'Bishop Gibson wanted to ban the Mighty Sparrow from Jamaica’
Ewart Walters’ controversial book We Come From Jamaica launched in Toronto
BY DESMOND ALLEN Executive Editor - special assignment email@example.com
REVERED founder of Kingston College, Bishop Percival Gibson once wanted to ban calypso great the Mighty Sparrow from performing in Jamaica, according to Jamaican journalist Ewart Walters in his controversial book We Come From Jamaica: The National Movement 1937-1962.
Walters, whose latest work was recently launched in Toronto, Canada where he lives, also wrote that "O T Fairclough was an assistant manager of a bank in Haiti (but) could not get a bank job in Jamaica because he
Bishop Gibson was the first black in 100 years to be consecrated as Anglican Suffragan Bishop of Kingston in 1947 and Fairclough was the founder of the Public Opinion newspaper and a co-founder of the People's National Party (PNP).
Walters said that Fairclough had created a newspaper to develop ideas and a climate in which to launch a political party to work for self-government and Independence and that he should have been "at the top of the list of national heroes".
In March, while the book was still on the press, Walters was severely criticised by three ex-prime ministers of Jamaica for charging that Bustamante, the national hero and Jamaica Labour Party (JLP) founder, had split the national unity movement of the late 1930s when he left the PNP and formed the JLP, thus setting back Jamaica.
In We Come from Jamaica, the journalist also quoted another writer Obika Gray — in his book Demeaned But Empowered — as saying that "Bustamante unabashedly identified himself with the use of force...violent skirmishes and was a practitioner of the disruptive uses of violence to turn back political challenge".
Walters, after being lashed by three former JLP leaders Edward Seaga, Bruce Golding and Andrew Holness for his "outrageous and ludicrous claim", struck back that Lady Bustamante, widow of the national hero, as well as Sir Alexander's biographer, George Eaton, had described the national hero's penchant for violent and dictatorial action.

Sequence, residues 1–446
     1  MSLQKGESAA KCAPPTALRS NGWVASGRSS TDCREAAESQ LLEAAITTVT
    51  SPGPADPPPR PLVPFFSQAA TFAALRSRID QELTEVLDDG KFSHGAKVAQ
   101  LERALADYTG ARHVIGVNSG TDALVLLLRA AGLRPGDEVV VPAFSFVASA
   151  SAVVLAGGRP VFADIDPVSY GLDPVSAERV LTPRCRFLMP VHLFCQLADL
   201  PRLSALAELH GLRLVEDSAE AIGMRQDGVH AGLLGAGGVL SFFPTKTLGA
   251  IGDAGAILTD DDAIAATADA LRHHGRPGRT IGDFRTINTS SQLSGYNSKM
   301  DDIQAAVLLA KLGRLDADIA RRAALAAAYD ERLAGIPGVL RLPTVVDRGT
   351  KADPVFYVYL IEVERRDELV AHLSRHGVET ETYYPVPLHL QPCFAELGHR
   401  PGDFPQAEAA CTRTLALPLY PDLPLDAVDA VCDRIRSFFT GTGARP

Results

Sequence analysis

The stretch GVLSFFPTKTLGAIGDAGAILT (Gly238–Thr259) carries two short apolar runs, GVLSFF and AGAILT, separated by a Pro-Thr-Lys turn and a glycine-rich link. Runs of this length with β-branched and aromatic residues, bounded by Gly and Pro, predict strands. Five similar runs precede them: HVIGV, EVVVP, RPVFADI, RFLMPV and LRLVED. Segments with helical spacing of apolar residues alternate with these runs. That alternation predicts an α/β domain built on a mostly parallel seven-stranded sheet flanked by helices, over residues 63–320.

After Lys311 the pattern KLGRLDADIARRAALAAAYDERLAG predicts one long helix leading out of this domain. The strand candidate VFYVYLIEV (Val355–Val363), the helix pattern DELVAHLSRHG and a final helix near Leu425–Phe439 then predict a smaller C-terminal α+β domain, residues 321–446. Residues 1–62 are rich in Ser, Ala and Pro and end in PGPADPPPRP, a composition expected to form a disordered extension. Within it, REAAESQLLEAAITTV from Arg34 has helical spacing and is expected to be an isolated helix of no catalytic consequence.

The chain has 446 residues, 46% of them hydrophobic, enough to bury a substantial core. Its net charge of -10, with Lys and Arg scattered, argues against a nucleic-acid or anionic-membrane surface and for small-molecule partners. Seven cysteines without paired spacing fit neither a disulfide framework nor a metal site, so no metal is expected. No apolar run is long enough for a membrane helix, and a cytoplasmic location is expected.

Walters said his book was the result of 10 years of work; reading, researching, consultation, interviewing, digesting, writing and editing. He challenged Golding, in particular, saying: "I hope therefore that when Mr Golding has a chance to read my book he will see that the accounts in the book are neither outrageous nor ludicrous, and he will publicly concede that his challenge has been met and his dare unfounded".
At the launch on June 17, 2014, Walters asserted that late leaders Premier Norman Manley, Prime Minister Hugh Shearer and Prime Minister Michael Manley did more for education than any other prime minister and that George Headley and Herb McKenley inspired Jamaicans to greatness in sports.
Walters' book got the powerful endorsement of Jamaican-born University of Toronto professor emeritus, Dr Keith Ellis, a renowned scholar, translator and critic of Latin American literature, who called the work "a masterpiece and a magnificent literary and historical body of work that all Jamaicans should be proud of".
Dr Ellis, a Calabar old boy, is the first Jamaican-born scholar to be awarded an honorary doctorate by the University of Havana and the first black to be elected a Fellow of the Royal Society of Canada, the highest honour a scholar can achieve in the arts, humanities and science in the North American country.
He told the launch that the book charted the course of the national movement, a period and group of people who were instrumental in propelling Jamaica out of slavery and "apprenticeship" to nationhood and Independence.
"This was a period when people were really serious about taking on the task of doing for themselves what the colonial masters didn't do, didn't allow us to do or didn't give us an opportunity to do," said Ellis.
Ellis suggested that the book would appeal to the public in Spanish-speaking countries, particularly Cuba and Venezuela "where the people relish books and are voracious readers".
Walters' book was also embraced by Jamaican writer Rachel Manley, daughter of Michael Manley and winner of the Governor-General's Award for English Language non-fiction in 1997 for her memoir, Drumblair: Memories of a Jamaican Childhood. She said, "Ewart is a journalist and not a word is wasted", in reference to We Come From Jamaica.
"He has been able to cover these years richly and deeply and yet in a journalist's economic language with straightforward simplicity. And in a clear accessible form, for Ewart's structure is not only chronological as a story but also separates into cameos featuring pivotal heroes and heroines, movements and themes and religions which makes it a user-friendly reference book.
"If every school child in Jamaica left high school with this overview of those 25 years and pertinent themes behind them in their heads, what a difference it would make to the landscape of background information that would frame their Jamaican consciousness. I am hoping high schools in Jamaica will offer this to students in their history classes and that these books will find their way into Canadian schools as well. Nowhere will they have a better catalogue of events with a fairer proposal of questions they can discuss in class and ponder through the years as they come to know their young country's story," Manley said.